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It’s been a breakthrough week in the development of the first Very Large Ethane Carriers (VLECs) with major announcements from two of the world’s leading classification societies as the U.S. shale gas boom fuels demand to ship ethane abroad.
International classification society ABS says it has been selected to class the world’s first series of VLECs to be built in South Korea by Samsung Heavy Industries. The contract calls for six 87,000 m3 VLECs to be built at SHI’s shipyard in Geoje for an Asian shipowner, ABS said. Reports circulated in August that the vessels were ordered by India’s Reliance Industries Ltd. for $723 million.
Adding to the news of VLECs was DNV GL, which said it has signed a letter of intent with Hartmann Schiffahrts Gmbh & Co. KG, Jaccar Holdings, HB Hunte Engineering for the classification of five VLECs.
The five vessels, of the ECO STAR 85K design, will have a capacity of 85,000cbm each and will even be ethane-fueled. The cargo tanks of the vessels mark another breakthrough as it will be the first use of the so-called “Star-Tri-Lobe” tanks, DNV GL said. The new type of tank combines three cylinders into one, resulting in higher efficiency and allowing for an increase in cargo capacity of nearly 30% compared to similarly sized vessels with conventional tanks.
The announcement of the five ECO STAR 85K vessels follows Hartmann Schiffahrt’s unveiling in late August of the smaller ECO STAR 36K design, a new type of liquified ethene/ethylene carrier also boasting a number of industry firsts including the same new tank design, a forward superstructure, and a dual fuel engine capable of running on ethane. The ECO STAR 36K was also developed in cooperation with engineering consultants at HB Hunte Engineering.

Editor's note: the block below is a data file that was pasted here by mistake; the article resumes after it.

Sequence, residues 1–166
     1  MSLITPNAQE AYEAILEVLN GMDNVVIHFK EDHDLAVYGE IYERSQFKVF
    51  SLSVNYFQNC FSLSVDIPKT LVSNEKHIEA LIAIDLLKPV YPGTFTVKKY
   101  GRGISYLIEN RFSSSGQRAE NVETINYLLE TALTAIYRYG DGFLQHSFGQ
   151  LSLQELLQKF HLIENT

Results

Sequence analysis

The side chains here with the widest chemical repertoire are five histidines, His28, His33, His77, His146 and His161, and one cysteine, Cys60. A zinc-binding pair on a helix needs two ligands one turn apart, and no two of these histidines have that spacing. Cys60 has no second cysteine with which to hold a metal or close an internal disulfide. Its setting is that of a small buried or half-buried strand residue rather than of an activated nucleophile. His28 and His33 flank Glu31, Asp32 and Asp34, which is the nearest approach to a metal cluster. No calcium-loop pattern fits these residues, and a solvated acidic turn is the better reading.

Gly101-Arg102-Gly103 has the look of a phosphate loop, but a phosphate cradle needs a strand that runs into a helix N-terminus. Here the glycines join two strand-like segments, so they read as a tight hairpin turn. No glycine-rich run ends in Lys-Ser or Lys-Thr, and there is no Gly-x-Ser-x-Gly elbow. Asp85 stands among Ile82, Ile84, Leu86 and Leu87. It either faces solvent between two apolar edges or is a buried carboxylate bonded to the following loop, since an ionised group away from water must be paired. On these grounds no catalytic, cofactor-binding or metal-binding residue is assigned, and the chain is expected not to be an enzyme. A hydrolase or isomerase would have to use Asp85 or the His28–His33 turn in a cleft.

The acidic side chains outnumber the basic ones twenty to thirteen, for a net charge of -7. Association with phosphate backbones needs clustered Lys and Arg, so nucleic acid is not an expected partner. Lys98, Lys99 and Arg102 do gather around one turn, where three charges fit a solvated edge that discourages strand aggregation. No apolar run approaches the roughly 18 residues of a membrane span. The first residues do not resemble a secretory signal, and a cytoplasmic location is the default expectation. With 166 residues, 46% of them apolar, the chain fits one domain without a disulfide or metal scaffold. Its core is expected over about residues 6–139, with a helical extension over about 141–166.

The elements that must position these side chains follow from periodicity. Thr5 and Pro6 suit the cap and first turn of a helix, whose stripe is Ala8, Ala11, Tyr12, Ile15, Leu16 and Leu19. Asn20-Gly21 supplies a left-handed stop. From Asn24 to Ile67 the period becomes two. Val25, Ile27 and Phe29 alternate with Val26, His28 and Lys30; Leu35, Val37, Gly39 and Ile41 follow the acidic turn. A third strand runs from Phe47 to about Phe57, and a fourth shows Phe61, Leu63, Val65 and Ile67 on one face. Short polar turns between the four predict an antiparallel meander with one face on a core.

The demand for new types of ethane carriers is primarily being buoyed by increased U.S. oil and gas production as a result of the shale gas boom and the relative difficulties traditionally associated with ethane bulk transport.
“We are delighted to have received the class contract for the world’s first large ethane carriers,” says ABS Vice President of Global Gas Solutions Patrick Janssens, speaking to this week’s VLEC announcement. “As a result of the shale gas boom in the US, ethane is developing as an exciting new market with great potential, requiring the development of new ship types.”
Lloyd’s Register has also had its hand in the development of VLECs ranging in capacity of 84,000 to 90,000cbm. A report from Lloyd’s Register released in August stated that a critical factor needing to be addressed in large ethane carriers is the containment technology. The report said that historically ethane has been transported in small liquefied ethane/ethylene carriers (LEC) with Type ‘C’ containment systems and a maximum feasible size of around 40,000cbm.
Leonidas Karistios, Global Gas Technology Manager of Lloyd’s Register, said: “We have been studying the potential for ethane for over a year and we asked the question, ‘What would a safe and efficient 80,000 m3 ethane carrier look like?’. The answer is that to transport larger quantities in a single hull will almost certainly require the adoption of alternatives to Type ‘C’ gas containment systems.”
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